Nowhere does Japanese law specifically address child pornography. If the sexual depiction of a child conforms to standards used to judge adult pornography, it is legal under obscenity laws. Complaints under a statute prohibiting "forced indecency" must be initiated by the child, or his or her representative, within six months of the act - provisions that limit the law's usefulness.
These legal loopholes exist partly because Japanese are more permissive about sexuality, youthful and otherwise, than Westerners are. The social reserve of many Japanese notwithstanding, pornography has become an increasingly common aspect of life in recent years. Even serious-minded public-affairs magazines routinely include pictures of naked women.
That said, explicit sexual images considered legal in the US and Europe are not permitted here under obscenity standards. Japanese Internet-surfers who want to see these images must turn their browsers to servers elsewhere.
Free expression or child protection
Another factor is a postWar veneration of freedom of expression. In the run-up to World War II, Japan's militarists sharply controlled speech, which makes it politically unpopular for anyone to advocate limitations.
But at least some Japanese are saying that permissiveness and freedom of expression must give way in a world that is increasingly concerned about the sexual exploitation of children and how new technology facilitates it. A number of studies and police investigations in the US and Europe demonstrate that sexual depictions of children are transmitted on the Internet in large numbers.
When government profits
Goto, the National Police Agency (NPA) official, says he is frustrated that Japan's Nippon Telegraph and Telephone Corp. (NTT), a nominally private company that is two-thirds owned by the government, operates a service that "indirectly promotes child pornography in our country."
In an interview, Goto cites an NPA study that found more than 3,000 Japan-based Web sites distributing pornography commercially at the end of 1997. Of those, nearly 41 percent were marketing child pornography, including 221 Web sites distributing images of children under 12.
The NPA researchers also found 365 pornography Web sites - including 188 that were marketing pornographic pictures of children under 18 - using an NTT service called Dial Q2. Customers use a special telephone number to reach a Web site, incurring charges that NTT collects as part of its routine billing. NTT passes the profit back to the Web site, keeping 9 percent for itself.
"There is a clear distinction between the words 'to promote something' and 'to be taken advantage of by somebody else,'" counters NTT marketing manager Masayoshi Yamashita. He notes that NTT has canceled contracts with Web sites that distribute "harmful images," and insists that no Dial Q2 Web sites distribute child pornography.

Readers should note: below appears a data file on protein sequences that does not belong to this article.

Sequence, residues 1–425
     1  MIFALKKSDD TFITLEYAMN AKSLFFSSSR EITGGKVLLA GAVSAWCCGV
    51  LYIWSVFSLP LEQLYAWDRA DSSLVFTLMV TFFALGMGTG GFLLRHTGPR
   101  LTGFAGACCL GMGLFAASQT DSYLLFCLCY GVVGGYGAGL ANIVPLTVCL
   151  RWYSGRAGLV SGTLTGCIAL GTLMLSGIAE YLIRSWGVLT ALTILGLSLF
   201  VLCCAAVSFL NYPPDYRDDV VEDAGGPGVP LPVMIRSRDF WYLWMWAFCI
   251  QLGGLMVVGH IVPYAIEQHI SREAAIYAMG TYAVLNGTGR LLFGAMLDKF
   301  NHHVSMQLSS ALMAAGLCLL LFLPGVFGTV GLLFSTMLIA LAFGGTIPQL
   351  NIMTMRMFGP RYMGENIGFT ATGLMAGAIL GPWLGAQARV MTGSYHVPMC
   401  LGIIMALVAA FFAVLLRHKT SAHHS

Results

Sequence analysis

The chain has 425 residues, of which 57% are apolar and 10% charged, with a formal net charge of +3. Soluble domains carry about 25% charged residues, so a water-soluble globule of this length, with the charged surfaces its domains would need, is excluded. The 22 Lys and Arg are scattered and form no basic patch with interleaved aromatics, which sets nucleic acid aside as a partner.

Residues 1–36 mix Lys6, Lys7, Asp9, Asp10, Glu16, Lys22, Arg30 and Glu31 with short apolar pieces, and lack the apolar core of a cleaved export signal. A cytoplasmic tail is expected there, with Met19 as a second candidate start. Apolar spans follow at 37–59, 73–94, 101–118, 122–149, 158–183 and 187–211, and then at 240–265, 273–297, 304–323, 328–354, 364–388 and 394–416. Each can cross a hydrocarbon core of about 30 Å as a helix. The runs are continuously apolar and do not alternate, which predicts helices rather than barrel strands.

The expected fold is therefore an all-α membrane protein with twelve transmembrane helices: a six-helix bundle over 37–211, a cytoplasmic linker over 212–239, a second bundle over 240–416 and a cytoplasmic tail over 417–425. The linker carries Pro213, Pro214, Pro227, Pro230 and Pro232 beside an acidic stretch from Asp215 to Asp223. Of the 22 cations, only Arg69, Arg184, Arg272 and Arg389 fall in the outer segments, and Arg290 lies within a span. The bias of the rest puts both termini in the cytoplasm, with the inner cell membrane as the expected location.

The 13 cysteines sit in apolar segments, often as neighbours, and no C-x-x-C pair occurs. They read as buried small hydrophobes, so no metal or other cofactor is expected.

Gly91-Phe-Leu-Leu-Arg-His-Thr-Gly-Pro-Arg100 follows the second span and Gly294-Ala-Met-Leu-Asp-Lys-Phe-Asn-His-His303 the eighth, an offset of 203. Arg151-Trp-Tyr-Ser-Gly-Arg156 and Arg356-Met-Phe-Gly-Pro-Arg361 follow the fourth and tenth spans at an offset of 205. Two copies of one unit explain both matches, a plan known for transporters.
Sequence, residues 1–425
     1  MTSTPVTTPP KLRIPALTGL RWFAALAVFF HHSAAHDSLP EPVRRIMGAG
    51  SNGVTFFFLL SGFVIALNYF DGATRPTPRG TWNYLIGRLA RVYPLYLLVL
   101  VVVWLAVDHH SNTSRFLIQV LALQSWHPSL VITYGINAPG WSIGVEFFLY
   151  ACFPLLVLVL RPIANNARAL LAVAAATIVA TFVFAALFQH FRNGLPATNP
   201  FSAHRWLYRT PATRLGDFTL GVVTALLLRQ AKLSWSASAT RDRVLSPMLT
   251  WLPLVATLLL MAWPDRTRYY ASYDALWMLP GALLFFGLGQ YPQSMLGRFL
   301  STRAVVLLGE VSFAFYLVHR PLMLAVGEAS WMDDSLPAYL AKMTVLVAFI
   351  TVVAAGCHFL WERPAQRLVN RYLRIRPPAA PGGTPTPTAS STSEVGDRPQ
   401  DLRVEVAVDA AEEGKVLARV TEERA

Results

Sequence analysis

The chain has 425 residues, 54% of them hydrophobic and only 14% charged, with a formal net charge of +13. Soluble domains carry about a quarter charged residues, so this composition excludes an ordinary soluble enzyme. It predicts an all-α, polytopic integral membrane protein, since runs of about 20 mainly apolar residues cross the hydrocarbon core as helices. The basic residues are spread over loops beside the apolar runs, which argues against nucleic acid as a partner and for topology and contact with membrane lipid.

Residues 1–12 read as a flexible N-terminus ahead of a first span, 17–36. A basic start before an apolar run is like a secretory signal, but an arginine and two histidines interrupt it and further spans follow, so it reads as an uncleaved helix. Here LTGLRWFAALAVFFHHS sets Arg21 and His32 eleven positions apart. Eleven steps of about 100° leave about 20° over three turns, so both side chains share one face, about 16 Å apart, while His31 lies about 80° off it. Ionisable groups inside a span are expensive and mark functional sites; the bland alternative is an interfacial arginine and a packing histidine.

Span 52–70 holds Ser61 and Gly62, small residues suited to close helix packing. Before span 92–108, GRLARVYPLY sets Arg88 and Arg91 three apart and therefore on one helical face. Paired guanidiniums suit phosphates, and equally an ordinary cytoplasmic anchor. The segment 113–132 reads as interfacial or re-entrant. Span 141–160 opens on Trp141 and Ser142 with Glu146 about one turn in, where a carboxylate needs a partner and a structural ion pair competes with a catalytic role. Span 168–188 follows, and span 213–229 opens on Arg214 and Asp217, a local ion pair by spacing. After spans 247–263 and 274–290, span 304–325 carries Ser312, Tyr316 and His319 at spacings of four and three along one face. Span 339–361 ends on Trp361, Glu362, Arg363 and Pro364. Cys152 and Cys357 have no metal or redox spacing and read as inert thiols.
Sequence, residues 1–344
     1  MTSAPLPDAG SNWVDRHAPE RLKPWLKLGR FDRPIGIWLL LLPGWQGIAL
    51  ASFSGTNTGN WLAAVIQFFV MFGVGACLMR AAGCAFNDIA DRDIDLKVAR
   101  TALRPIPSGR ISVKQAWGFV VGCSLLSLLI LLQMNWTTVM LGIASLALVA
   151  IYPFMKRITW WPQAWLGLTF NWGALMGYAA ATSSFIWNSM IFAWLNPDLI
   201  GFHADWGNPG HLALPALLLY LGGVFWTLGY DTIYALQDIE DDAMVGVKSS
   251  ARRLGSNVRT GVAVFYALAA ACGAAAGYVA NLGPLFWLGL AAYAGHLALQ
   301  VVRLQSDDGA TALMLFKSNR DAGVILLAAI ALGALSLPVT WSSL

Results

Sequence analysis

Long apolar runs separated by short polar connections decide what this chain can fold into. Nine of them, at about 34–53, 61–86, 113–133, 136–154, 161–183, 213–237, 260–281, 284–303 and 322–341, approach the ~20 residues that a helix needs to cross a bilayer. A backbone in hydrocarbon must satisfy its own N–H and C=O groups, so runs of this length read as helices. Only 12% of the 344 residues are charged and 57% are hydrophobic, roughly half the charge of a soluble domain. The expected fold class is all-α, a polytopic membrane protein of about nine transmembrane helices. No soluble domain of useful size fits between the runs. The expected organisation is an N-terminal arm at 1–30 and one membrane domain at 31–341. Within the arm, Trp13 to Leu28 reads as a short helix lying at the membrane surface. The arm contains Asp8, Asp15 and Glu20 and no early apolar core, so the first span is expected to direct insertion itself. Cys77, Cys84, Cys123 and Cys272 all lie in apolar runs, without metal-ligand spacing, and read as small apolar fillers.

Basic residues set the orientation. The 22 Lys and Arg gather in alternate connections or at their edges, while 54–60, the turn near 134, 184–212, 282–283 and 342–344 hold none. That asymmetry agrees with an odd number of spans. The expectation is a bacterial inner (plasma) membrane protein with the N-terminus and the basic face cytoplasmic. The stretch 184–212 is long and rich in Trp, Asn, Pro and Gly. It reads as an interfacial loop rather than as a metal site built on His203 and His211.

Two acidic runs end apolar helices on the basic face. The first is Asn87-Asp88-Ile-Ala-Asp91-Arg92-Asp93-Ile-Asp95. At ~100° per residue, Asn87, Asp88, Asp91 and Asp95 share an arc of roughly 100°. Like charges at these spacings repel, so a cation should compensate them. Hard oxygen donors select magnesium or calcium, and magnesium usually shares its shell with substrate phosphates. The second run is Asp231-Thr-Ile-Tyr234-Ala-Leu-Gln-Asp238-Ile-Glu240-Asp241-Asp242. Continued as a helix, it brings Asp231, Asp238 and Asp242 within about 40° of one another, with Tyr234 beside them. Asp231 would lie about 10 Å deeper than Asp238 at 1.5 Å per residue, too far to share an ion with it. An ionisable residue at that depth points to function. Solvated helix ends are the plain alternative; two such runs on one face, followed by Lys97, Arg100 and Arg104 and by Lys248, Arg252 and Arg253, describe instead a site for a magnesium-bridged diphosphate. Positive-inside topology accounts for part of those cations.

"Everyone knows that the real issue here is the fact that there are millions of harmful and free pages on the Internet which people can access easily," he adds.
But Dial Q2 still seems to be an embarrassment. Normally plainspoken, parliamentarian Yoko Komiyama looks uncomfortable when she is asked about the service. "It's a little strange," she says, that the nationwide phone company is in this line of business, declining to say any more.
Ms. Komiyama is confident her colleagues will pass the draft law on child pornography, prostitution, and trafficking this spring. She says some politicians have objected to certain provisions in the original draft, which banned possession of child pornography and sought to regulate pornographic "pictures" other than photographs.
Activists and law-enforcement officials want both measures. Possession is easier to prove than other activities, such as production or distribution, simplifying the work of police and prosecutors. A "pictures" provision might also cover simulated, computer-generated pornography that activists say is just as damaging to children as photographs, because both materials allegedly encourage users to abuse children. The UK and the Netherlands have banned such 'virtual' child pornography.
But Komiyama explains that the ease of enforcement is one thing that worries lawyers and politicians. They imagine that police could come across child pornography in the course of an unrelated investigation and then gain undue leverage over a suspect. "In the world of politics, there needs to be some concessions made to the other side," she adds.